Unexpectedly low hemoglobin oxygen saturation as determined by pulse- oximeter analysis was observed in a patient who underwent an elective surgical procedure. Specific hemoglobin derivatives such as carboxyhemoglobin, methemoglobin, and reduced hemoglobin that have been described to lower pulse-oximetry determination of oxygenation were not detected. Absorbance spectra revealed the patient's hemoglobin to be different than that obtained from two normal volunteers. High-pressure liquid chromatographic analysis of the hemoglobin showed an unknown band that comprised 15% of the patient's hemoglobin. DNA sequence analysis showed a point mutation in the second nucleotide of the 45th codon of the β-globin chain. This mutation encodes for an abnormal β-chain (β-45 Phe→Ser) that has been described as hemoglobin Cheverly. Hemoglobin Cheverly is an unstable hemoglobin that has a similar mutation as the β-42 Phe-→Ser mutation seen in hemoglobin Hammersmith. Hemoglobin Hammersmith and another unstable hemoglobin, hemoglobin Koln, have previously been described to have unexpectedly low pulse-oximeter-determined oxyhemoglobin levels. That we find hemoglobin Cheverly to result in a similar phenomenon suggests that pulse- oximeter monitoring of oxygenation status may not be appropriate for the unstable hemoglobins. Low pulse-oximeter oxygenation determinations for these hemoglobins do not appear to predict clinical hypoxemia.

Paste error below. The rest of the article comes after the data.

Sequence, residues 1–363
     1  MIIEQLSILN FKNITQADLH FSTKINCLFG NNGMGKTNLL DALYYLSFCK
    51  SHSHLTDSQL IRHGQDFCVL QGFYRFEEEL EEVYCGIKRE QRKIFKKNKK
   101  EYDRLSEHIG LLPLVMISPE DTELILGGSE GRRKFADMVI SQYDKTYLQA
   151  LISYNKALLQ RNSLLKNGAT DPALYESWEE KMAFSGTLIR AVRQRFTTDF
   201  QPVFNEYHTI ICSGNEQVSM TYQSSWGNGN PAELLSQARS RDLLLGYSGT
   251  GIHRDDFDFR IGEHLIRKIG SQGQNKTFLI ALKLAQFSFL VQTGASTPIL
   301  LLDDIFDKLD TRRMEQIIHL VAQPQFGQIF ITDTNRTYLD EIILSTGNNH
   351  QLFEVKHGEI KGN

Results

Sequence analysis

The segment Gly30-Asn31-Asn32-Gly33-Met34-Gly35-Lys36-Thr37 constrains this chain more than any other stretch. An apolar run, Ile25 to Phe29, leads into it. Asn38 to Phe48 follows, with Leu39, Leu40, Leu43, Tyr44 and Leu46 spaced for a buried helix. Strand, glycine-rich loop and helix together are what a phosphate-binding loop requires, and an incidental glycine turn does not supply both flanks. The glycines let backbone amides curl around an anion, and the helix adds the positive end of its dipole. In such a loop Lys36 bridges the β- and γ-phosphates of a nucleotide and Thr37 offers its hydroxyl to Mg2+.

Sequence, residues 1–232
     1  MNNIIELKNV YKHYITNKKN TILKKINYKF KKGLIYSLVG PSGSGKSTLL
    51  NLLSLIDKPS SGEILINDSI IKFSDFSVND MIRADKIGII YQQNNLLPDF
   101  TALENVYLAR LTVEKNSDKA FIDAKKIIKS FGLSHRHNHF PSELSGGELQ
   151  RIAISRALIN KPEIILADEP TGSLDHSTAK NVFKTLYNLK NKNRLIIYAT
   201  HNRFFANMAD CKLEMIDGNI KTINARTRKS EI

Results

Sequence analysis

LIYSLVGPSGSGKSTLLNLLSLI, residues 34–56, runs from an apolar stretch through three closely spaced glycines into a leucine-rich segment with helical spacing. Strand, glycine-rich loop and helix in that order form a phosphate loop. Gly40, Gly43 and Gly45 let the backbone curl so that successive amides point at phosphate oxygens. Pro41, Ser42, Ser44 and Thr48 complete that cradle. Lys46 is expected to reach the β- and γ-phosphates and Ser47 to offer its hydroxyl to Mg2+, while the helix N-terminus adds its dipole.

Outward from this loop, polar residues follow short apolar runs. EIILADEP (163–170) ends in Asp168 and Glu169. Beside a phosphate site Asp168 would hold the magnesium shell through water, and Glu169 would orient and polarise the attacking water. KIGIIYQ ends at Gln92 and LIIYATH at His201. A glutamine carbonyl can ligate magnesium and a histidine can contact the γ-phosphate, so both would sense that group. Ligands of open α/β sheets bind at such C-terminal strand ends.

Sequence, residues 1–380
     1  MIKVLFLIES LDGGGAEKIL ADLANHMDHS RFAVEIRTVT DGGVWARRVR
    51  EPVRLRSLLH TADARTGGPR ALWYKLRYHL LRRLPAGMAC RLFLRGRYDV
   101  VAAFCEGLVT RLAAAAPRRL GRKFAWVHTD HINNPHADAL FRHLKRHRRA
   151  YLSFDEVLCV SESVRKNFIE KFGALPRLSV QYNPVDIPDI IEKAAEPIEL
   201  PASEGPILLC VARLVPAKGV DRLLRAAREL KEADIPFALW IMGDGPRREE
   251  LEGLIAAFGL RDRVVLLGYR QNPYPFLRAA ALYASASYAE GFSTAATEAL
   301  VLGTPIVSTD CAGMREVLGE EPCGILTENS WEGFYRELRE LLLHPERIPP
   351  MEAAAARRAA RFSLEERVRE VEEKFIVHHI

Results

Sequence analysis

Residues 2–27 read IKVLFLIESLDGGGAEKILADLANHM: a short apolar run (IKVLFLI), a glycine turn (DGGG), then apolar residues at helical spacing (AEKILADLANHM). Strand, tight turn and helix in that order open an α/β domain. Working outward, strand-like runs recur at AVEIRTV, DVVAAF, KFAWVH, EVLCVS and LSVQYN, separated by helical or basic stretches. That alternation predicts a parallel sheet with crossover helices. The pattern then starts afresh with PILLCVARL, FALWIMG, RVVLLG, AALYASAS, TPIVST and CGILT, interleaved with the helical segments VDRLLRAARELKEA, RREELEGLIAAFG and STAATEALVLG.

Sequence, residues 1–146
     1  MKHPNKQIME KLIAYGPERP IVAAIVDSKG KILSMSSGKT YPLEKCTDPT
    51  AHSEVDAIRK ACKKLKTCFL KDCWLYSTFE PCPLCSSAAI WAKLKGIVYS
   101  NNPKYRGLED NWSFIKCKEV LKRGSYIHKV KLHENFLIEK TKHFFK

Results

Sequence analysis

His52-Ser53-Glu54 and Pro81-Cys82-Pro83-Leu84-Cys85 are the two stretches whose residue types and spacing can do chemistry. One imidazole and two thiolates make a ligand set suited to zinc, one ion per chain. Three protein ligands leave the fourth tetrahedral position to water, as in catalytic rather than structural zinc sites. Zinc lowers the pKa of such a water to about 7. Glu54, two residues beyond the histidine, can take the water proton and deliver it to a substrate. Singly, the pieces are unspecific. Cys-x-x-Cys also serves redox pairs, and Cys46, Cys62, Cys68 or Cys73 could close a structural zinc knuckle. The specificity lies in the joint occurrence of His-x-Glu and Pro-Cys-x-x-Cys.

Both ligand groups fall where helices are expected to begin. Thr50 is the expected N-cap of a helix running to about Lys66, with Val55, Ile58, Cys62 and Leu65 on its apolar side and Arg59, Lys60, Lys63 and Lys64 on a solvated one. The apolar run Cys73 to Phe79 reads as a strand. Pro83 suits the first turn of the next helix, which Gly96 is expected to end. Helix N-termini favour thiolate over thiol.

|Original language||English (US)|
|Number of pages||4|
|Journal||American Journal of Hematology|
|State||Published - Nov 1 1998|
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